Saturday, August 04, 2007

"We Have Armageddon!!!!"

So screamed Jim Cramer yesterday on CNBC, speaking about conditions in the fixed income markets. With a worldwide credit crunch hurting both consumers and corporations, Cramer is calling for Fed chair Ben Bernanke to lower the Fed Funds rate when the Federal Reserve Board meets next Tuesday and bail out both the big investment banks and overleveraged homeowners alike. Cramer's rant came after a Bear Sterns conference call yesterday afternoon in which

Bear Stearns said it is weathering the worst storm in financial markets in more than 20 years after a major rating company warned mortgage credit problems could hurt the investment bank's profits.

Bear Stearns' chief financial officer said the shockwaves hitting lending markets, triggered by rising mortgage losses, were as bad as crises such as the Internet bubble bursting in 2001 or the 1998 collapse of hedge fund Long-Term Capital Management.

"These times are pretty significant in the fixed-income market," CFO Sam Molinaro said on a conference call with analysts. "It's as been as bad as I've seen it in 22 years. The fixed-income market environment we've seen in the last eight weeks has been pretty extreme."

Here's the Cramer video - watch it, it's as close to a meltdown as you'll see on "serious" TV.

Calculated Risk thinks Cramer is wrong - lowering interest rates now might help bail out a few homeowners who would be able to refinance their readjusting ARMs at lower rates, but the real credit crunch is coming from tightening lending standards for both corporate credit and mortgages after several years of no underwriting standards whatsoever.

Big Picture
also thinks Cramer is off base and says it is not the Fed's job to bail out investment banks that have made bad bets on loans.

I also wonder if if we really want the Fed to lower interest rates now to bail out people/institutions who took bad loans and/or backed them. According to Melissa Cohn, chief executive of Manhattan Mortgage, a New York mortgage broker, tightening standards has brought about this:

"Banks want to see higher credit scores and more money in the bank and larger downpayments."

I dunno, call me traditional, call me conservative, call me whatever, but I see no problem with banks tightening standards so that people have to actually qualify for loans. The years when there were no underwriting standards whatsoever and anybody with a pulse could get a loan they couldn't really afford brought us the Housing Bubble, the current subprime mess, and the spreading foreclosure contagion. While I feel sorry for the people naive enough or ignorant enough to have taken out ARMs to buy houses they could not afford who now face foreclosure and financial ruin, I don't think bail outs by the financial sector, the Federal Reserve, or the federal government will help the country to learn the lesson that needs to be learned from all of this -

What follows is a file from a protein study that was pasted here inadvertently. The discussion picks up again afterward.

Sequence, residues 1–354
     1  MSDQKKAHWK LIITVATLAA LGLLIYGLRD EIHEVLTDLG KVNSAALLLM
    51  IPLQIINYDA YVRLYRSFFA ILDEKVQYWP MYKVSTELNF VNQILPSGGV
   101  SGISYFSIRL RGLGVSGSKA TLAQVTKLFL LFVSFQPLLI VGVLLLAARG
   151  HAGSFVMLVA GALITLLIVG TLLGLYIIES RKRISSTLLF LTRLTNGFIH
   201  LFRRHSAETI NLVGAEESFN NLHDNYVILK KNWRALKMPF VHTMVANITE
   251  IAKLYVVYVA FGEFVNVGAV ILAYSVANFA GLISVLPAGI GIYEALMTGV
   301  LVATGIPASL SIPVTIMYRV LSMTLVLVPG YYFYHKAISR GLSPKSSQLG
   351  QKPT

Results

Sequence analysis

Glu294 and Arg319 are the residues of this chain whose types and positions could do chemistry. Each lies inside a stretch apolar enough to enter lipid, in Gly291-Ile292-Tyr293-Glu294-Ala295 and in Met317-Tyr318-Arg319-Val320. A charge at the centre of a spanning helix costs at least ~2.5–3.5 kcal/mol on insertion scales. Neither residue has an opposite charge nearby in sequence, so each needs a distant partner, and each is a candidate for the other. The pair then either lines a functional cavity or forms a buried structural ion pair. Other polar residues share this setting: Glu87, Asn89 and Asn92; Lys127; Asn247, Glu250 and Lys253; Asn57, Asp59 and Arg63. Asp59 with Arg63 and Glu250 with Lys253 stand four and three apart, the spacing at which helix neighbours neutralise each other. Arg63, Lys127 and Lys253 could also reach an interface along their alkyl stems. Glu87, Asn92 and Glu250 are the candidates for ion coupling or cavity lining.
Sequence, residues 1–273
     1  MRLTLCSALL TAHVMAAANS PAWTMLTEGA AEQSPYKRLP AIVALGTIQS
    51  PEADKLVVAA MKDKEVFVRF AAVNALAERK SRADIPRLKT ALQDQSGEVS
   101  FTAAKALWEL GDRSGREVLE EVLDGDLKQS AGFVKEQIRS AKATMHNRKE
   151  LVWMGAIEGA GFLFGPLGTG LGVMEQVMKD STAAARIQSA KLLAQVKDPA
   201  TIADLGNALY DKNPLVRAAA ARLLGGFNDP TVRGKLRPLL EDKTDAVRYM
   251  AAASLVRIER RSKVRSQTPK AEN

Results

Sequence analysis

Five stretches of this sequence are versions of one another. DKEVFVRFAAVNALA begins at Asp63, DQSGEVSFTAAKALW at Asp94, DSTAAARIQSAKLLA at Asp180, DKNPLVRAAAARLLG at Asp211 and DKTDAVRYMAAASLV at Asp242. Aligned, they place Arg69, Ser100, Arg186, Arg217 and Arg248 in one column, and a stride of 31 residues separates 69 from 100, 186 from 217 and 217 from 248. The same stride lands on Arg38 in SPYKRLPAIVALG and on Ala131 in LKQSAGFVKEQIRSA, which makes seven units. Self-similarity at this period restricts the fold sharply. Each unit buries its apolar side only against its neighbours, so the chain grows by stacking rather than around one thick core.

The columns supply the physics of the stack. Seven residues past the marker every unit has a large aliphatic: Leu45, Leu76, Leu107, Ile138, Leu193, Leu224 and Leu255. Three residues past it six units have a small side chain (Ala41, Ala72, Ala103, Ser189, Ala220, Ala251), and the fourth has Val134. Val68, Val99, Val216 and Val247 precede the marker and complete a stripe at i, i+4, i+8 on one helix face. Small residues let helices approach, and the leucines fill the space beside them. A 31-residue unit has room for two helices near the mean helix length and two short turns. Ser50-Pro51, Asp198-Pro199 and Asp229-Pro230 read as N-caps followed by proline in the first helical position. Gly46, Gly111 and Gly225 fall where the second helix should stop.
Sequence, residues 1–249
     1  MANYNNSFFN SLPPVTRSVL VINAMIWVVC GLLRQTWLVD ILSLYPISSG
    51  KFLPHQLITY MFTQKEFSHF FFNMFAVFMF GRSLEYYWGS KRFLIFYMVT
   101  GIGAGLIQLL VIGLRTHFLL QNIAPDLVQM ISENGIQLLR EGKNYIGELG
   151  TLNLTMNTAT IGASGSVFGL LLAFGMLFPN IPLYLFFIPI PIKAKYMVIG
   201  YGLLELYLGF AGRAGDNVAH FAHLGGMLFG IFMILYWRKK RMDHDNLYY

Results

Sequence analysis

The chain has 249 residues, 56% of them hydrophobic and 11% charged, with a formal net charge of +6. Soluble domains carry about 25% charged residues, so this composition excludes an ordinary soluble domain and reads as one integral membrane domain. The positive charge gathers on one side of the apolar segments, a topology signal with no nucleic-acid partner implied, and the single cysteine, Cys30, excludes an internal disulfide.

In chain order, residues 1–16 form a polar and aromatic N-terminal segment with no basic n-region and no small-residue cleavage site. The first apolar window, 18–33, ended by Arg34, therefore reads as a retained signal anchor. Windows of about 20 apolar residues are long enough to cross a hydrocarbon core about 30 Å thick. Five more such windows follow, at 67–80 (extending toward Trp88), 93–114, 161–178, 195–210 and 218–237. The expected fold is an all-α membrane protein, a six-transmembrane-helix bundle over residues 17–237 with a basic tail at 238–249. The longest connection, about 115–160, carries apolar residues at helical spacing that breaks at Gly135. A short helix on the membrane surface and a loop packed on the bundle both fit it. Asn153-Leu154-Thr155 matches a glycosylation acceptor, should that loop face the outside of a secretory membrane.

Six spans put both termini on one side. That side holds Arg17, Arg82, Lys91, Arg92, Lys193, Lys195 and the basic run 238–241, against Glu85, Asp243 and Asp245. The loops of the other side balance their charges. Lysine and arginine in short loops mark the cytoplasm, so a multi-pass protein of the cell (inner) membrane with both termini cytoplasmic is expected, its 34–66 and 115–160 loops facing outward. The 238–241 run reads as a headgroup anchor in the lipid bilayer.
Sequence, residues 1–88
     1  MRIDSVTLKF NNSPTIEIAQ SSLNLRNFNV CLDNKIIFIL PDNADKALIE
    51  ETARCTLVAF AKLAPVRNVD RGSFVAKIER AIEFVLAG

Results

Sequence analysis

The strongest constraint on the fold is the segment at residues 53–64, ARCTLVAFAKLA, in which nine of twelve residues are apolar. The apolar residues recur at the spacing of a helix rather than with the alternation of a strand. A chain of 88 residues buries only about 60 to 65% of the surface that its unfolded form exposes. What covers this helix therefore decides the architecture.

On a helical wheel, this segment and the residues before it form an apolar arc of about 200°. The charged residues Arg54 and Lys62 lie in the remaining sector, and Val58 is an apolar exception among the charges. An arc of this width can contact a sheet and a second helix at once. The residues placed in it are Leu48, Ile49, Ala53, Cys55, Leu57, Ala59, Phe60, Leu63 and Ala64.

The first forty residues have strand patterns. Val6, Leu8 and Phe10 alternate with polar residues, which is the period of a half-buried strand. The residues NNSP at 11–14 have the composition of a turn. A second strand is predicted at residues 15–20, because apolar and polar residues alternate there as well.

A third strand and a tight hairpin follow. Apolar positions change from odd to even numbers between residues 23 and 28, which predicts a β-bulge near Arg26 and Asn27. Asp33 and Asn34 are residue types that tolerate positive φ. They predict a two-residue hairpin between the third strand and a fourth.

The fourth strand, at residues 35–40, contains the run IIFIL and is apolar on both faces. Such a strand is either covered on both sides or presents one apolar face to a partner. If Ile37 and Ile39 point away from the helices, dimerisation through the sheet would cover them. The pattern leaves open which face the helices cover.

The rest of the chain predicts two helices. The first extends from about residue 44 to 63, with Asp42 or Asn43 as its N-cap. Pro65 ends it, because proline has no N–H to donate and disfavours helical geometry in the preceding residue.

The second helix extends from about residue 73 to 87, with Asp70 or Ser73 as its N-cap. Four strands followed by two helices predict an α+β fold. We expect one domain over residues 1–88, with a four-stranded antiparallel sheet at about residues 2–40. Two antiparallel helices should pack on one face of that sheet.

At one time, the United States of America was the largest lender nation in the world. We are now the largest debtor nation in the world. Individual credit card debt is 100% of GDP. Total credit market debt is 350% of GDP. The personal savings rate for Americans is a net negative. We have run the economy in the last few years by borrowing money from overseas so that we can buy and sell overinflated real estate from and to each other and tap home equity from our overinflated homes so that we can buy consumer goods we don't really need and can't really afford. At the corporate level, companies keep buying each other up at frantic rates, taking on enormous amounts of debt in order to get these same deals done that just a few years ago would have been laughed away as "crazy." And we call this economy built on paper and bad debt "strong" and say it is "getting stronger"

Enough with the bullshit. Lowering interest rates here in the U.S. while the rest of the world is raising interest rates, while oil nears $80 a barrel, while food prices have skyrocketed, and while the Fed is printing money faster than the speed of light is foolish and will only reinforce bad behavior and delay the inevitable crash.

Market conservatives love to say that markets work out irregularities and problems best. Right now the market is working out the irregularities and problems in the fixed income market.

Let the market do its job. After all, this "armageddon" as Cramer termed it yesterday didn't just happen - it was created by Uncle Alan Greenspan after the Tech Bubble burst. That is Greenspan's legacy. Let Bernanke's legacy be to add sanity and discipline back into the American economy.

I doubt Bernanke has the courage or the desire to do so, but we'll see soon enough.

Fuck the big banks and lenders, they chose the risk. But a rate reduction is hardly likely to save borrowers who were at risk from the start.
Must be time to let the market shake out. Oh, and perhaps hold back from investing in dodgy lenders.
I totally agree, cartledge...I wish my own pension wasn't in some of these CDO-backed hedge funds. I'm gonna get fucked as much as anybody over this, I think. But I'm hoping when millions upon millions realize how the hedge fund managers and bankers stole billions from them, they'll demand systemic change.

I probably shouldn't hold my breath.
Post a Comment

<< Home

This page is powered by Blogger. Isn't yours?